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ONE ON ONE: Kevin Ombima aka King Kaka

Sunday November 25 2018

Kennedy Ombima, popularly known as King Kaka.

Kennedy Ombima, popularly known as King Kaka, poses for a photo on the streets of Nairobi on November 21, 2018. PHOTO | FRANCIS NDERITU 

KAREN  MURIUKI
By KAREN MURIUKI
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Popularly known as King Kaka, Kevin Ombima is more than a musician; he is a businessman and philanthropist. The "Mistarillionaire" and "Dundaing" hit maker spoke to KAREN MURIUKI on all things music ahead of his second album launch on Friday.

How are you able to separate your brand as an artiste, businessman and a philanthropist?

It’s all about scheduling and timing. Whenever you plan, you will always know what falls where, regardless of timelines. I am a strong believer in time and delegation.

 

You were in New York last month for the Annual Goalkeeper Conference. Fill us in on that.

I was invited by the Bill and Melinda Gates Foundation as a session panellist moderated by Melinda Gates. I got the chance to meet Bill Gates, Ed Sheeran, Graca Machel, and others. They approached me because of my influence with the King Kaka Sanitary Bank Campaign. It was both an honour and a good opportunity, not only for me, but also for the campaign and the girls I am able to keep in school.

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On that note, tell us more about the campaign.

I started it eight months ago after I visited Turkana. I saw a girl sitting on sand because she was on her menses and that affected me. I asked myself what I could do to lobby or start a foundation as an influential person. We had our first self-funded donation in Machakos as soon as I was back. Since then, we have benefited 10,300 girls who will be in school for a year. We mentor boys as well. Our target is rural schools because we want them to feel privileged. Our first phase, which will end in January of 2019, was researching on the different demographics. The second phase will start soon after and will involve mass distribution.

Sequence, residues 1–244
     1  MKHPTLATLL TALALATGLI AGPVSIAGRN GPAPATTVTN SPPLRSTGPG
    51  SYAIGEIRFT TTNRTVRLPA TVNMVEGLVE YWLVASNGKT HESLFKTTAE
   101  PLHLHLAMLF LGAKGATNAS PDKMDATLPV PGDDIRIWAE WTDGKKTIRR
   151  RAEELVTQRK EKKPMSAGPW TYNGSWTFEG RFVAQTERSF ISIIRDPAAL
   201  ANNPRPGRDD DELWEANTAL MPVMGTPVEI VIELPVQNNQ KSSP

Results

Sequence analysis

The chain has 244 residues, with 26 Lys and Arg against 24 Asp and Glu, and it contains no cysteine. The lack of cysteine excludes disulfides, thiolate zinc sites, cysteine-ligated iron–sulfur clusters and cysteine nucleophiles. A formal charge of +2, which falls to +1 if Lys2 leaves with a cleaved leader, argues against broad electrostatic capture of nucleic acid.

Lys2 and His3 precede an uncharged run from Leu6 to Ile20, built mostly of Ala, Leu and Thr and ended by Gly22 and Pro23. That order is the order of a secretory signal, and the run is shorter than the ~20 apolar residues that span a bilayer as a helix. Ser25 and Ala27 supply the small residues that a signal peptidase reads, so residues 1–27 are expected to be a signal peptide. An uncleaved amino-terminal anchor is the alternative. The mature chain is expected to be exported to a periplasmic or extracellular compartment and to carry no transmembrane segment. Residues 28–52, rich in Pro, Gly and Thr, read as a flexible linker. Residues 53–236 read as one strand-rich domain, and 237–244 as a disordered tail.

While in New York, you were interviewed on Hot 97, one of America’s biggest radio stations. Could you describe your feelings then?

I actually had no idea because after the interview, I just posted a photo on social media and went ahead with my day’s activities. My phone was buzzing when I looked at it six hours later. Only then did I realise that this was a big interview, which I actually did with American actor and comedian Tracy Morgan. We have a song together. I was the first East African to be interviewed at the radio station which has also hosted T-Pain, T.I. and Jay-Z.

 

Your latest song "Dundaing" was banned on YouTube for 24 hours. Could you give us more information on why that happened?

The Kenya Film Classification Board waved a red light as soon as it was uploaded and said I needed to put it on private or they would pull it down. I didn’t see the indecency in the video, but I put it on private anyway, until they called the following day and said that everything was okay. That’s when it went back up.

 

What should we expect from your new album "Eastlando Royalty"? How different is it from Legend of Kaka?

The album shows where I am from, where I am and where I am headed. It describes not only my journey, but others’ with the ‘Eastlando’ state of mind who I have inspired. I want to tell them that they are also royalty. I have crossed different borders with the new album because I have collaborations with internationals like Tracy Morgan, Talib Kweli and Romain Virgo, as with great Kenyan artistes like Nadra, Nameless, Steph Kapela, Kristoff and H-Art the Band.